Should FDA Be Holding the Avandia Advisory Committee Meeting?

Should FDA Be Holding the Avandia Advisory Committee Meeting?

June 5th, 2013 // 1:03 pm @

Latest FDA and cGMP Compliance News

This highly controversial agency advisory committee meeting is starting today, but a question remains open – would letting up on the restrictions on the Avandia diabetes pill make a difference? The GSK drug, which has been linked to heart attack and stroke, is pretty much not available on the market. This is due to a REMS that was initiated in 2010 after a controversial FDA meeting in that same year.

The meeting today is being held to go over a GSK clinical trial known as RECORD, which supposedly refuted a meta analysis done in 2007 that found more heart risks than were known in the past. This caused there to be a probe by the US Senate into the GSK trial data, which was what contributed to a fine of more than $3 billion last year.

The RECORD trial has been criticized heavily by one FDA reviewer, but some FDA officials don’t agree with this view. They then ordered a review. The Duke Clinical Research Institute was selected to go through data and discovered that the pill was not shown to be related to a higher heart risk. FDA reviewers did not that the trial design was rather weak. The reviewer, Tom Marciniak, says that the re-adjudication was not really independent.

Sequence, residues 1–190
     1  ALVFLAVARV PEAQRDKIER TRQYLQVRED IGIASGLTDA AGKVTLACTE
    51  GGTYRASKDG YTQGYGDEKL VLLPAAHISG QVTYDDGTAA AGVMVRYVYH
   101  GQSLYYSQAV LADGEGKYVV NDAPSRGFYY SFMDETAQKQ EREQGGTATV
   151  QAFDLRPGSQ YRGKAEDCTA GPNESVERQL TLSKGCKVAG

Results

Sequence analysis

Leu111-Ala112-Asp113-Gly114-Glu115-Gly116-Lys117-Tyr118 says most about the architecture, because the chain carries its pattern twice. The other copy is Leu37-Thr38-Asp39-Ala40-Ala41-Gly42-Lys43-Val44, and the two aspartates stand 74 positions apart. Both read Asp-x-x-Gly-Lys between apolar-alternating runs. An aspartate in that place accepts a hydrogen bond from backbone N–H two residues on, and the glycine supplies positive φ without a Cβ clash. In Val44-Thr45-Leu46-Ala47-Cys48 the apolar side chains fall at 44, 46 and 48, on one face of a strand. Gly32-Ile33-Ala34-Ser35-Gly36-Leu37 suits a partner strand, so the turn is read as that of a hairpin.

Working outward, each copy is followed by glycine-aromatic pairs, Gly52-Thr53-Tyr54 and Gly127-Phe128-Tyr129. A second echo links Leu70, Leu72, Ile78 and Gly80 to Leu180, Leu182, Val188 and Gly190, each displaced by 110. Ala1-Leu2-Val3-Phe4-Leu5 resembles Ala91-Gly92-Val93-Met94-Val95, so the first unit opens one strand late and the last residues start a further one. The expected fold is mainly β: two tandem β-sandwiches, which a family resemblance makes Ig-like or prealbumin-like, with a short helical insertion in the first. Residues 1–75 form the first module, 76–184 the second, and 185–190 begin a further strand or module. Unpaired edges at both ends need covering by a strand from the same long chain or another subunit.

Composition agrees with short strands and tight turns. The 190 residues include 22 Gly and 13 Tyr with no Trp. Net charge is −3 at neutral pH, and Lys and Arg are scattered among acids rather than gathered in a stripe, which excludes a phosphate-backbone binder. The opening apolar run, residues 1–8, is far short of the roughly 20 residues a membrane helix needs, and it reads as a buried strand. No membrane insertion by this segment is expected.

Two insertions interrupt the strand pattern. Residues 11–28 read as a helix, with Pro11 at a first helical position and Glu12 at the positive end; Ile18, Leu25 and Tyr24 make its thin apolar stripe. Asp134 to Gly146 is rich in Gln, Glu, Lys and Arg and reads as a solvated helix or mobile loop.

FDA is convening this meeting to air all findings and to go over decisions that were made. Some argue that this is a good effort at being transparent. FDA has been criticized harshly in public by a cardiologist named Steve Nissen, who was a co author on the meta analysis. He says FDA is just attempting to save face, as GSK did not disclose some data about added heart risks and shared it with agency staff. But this was not revealed and they were rather embarrassed when the meta data analysis was published.

You can read the FDA briefing docs here. They indicate that restoring Avandia to wide release is not going to happen probably. However, you can never tell with these advisory meetings. FDA is going to determine if the restrictions on Avandia should be modified, kept the same or removed. But will easing up on these restrictions change the prescription habits of doctors? Only 3000 patients are on the drug today, and Avandia has been largely discredited. What do you think?


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